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Research for survival...

Management expert M K Raju once described the crowded programmes at the Madras Management Association (MMA) akin to nithya kalyanam and pacha thoranam.

Research for survival...

MMA activities have expanded manifold since; I notice an average of 1.5 programmes per day on widely varying subjects. I wonder how Raju would have described it today!

At the 61st AGM presentations were made by the MMA business excellence awardees, followed by two special addresses. 

I have been attending the programmes of MMA for some four decades. I used to produce the MMA Mandate and the proceedings of the annual conventions.  I remember the constant expansion of its activities by succession of brilliant executive directors. Special mention should be made of V Ramadurai, who introduced systems and technology in a big way and enthused the presidents to expand MMA’s range of activities. At the annual convention, some of the brilliant leaders and managers of the times presented special addresses on emerging subjects. I still remember the evocative address by the DRDO chief Dr V S Arunachalam on the substantial contributions of public sector research.

Major Lakshmanan and Col. Hariharan continued with the good work of Ramadurai and further expanded the activities in line with the status gained by the Indian economy post -2000; there has been an explosive growth in the membership of MMA with revenues overflowing.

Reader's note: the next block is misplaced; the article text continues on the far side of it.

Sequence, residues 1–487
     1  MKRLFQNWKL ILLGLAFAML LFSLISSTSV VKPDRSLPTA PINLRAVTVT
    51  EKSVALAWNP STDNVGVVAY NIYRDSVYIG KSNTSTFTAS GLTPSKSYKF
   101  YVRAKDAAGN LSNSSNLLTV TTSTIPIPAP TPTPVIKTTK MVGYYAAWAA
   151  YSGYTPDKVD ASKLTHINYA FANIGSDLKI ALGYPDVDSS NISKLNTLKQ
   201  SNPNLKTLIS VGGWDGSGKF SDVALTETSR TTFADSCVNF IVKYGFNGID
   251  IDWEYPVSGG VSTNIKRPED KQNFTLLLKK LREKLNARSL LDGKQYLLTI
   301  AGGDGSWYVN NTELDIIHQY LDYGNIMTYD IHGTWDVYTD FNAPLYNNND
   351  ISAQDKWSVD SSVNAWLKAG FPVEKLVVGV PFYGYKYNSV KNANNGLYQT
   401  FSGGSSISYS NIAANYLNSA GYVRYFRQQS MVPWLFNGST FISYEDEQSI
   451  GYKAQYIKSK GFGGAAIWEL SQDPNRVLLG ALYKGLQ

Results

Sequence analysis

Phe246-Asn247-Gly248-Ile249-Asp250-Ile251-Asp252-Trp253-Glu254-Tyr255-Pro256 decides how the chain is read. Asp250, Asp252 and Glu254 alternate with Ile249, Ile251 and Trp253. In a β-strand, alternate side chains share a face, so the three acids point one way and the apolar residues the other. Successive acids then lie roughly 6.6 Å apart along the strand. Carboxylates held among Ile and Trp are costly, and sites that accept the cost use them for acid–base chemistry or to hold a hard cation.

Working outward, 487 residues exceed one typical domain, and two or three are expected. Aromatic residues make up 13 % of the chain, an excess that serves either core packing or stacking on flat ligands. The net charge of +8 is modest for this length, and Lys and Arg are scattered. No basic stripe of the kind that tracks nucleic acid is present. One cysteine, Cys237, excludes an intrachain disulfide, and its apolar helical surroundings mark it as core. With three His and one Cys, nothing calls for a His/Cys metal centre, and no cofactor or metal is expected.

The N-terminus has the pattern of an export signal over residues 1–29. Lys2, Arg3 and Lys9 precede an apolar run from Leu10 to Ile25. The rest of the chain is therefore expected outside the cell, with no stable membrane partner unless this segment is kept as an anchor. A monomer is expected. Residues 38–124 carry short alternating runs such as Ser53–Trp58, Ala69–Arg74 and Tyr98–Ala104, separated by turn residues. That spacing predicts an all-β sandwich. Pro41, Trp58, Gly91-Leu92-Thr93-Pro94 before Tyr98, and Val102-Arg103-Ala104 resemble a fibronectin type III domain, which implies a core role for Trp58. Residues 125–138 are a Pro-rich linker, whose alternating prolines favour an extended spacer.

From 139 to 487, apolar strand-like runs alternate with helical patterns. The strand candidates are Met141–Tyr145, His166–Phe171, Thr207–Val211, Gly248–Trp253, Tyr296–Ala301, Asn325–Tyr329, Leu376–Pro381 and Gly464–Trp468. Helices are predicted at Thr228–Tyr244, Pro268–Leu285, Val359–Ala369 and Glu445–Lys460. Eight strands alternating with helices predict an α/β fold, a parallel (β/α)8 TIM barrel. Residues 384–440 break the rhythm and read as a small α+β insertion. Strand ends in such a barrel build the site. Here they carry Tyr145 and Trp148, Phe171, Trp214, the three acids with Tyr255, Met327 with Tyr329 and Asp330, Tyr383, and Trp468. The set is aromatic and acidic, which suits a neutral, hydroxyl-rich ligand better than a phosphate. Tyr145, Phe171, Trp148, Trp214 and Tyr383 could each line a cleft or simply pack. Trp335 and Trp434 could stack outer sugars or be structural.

Ramadurai then took bold to acquire a modest flat of its own; the current team headed by Group Captain Vijayakumar is busy building a massive green mansion at the heart of the metro, scheduled to be inaugurated later this year.

Should one own a car at all?

Lucas TVS’s Arvind Balaji presented an interesting address on the unpredictability of technological developments and its disruptive nature. He pointed to Uber’s revolutionary idea of aggregating the massive underutilised space in cars (only 4 per cent).He pointed to the new dilemma: should one own a car at all and wondered whether the booming growth in car volumes would continue.

Balaji pointed to experiments like driver-less vehicles, electric cars and to the ‘diesel gate.’ All have potential to lead to the demise of the internal combustion(IC) engines. The uncertainty of the disruptive technologies hangs like a Damocles sword! Arvind pointed to industry stepping up research for survival and growth.

Mohandas Pai, formerly of Infosys, has been omni-present. He has been active interacting with policy makers in Delhi and articulating on a variety of subjects through the media. The huge wealth earned by this promoter of Infosys has been put to use in funding several start-ups. eg – Republic TV and Swarajya.  He is also involved with the magnificant work done by Akshaya Patra that provides mid-day meals to millions of school children. 

A couple of years ago, Pai was the chief guest at Madras Chamber’s Annual Meeting. Like then, at the MMA meet also Pai made an omnibus presentation that ranged from the evolution of technology from the steam engine to computers. He rambled across the nations, their histories, geographies et al. There was an overload of information that left little to take home. –SV

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